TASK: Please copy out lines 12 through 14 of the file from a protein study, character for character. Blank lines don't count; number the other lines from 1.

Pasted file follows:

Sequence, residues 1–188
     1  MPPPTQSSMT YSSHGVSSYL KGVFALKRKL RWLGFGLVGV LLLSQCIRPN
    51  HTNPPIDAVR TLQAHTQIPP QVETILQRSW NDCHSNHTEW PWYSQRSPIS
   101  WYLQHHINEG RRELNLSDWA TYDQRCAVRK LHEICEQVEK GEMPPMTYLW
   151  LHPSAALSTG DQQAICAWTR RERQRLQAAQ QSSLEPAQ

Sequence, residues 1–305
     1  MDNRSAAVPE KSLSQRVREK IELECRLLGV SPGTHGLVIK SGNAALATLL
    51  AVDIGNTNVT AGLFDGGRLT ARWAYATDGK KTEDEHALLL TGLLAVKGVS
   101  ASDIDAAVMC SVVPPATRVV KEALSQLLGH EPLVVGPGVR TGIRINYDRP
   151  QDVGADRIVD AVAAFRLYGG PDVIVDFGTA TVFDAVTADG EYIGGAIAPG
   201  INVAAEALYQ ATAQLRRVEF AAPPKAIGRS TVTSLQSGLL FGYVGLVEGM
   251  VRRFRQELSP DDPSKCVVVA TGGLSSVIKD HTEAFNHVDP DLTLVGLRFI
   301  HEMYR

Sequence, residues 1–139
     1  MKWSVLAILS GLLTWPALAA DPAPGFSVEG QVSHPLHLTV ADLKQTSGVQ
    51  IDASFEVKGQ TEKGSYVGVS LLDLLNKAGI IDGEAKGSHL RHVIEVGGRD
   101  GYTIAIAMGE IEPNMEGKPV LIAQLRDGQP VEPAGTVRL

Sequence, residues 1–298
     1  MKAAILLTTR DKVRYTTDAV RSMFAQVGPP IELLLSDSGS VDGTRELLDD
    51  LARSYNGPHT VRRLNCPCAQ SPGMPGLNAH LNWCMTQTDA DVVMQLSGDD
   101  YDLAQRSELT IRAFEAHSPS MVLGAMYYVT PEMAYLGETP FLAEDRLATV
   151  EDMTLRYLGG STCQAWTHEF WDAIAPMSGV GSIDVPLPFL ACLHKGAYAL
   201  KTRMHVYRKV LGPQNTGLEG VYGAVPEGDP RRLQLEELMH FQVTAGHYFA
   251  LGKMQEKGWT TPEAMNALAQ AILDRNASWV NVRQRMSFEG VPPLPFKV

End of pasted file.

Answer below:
   251  VRRFRQELSP DDPSKCVVVA TGGLSSVIKD HTEAFNHVDP DLTLVGLRFI
   301  HEMYR

Sequence, residues 1–139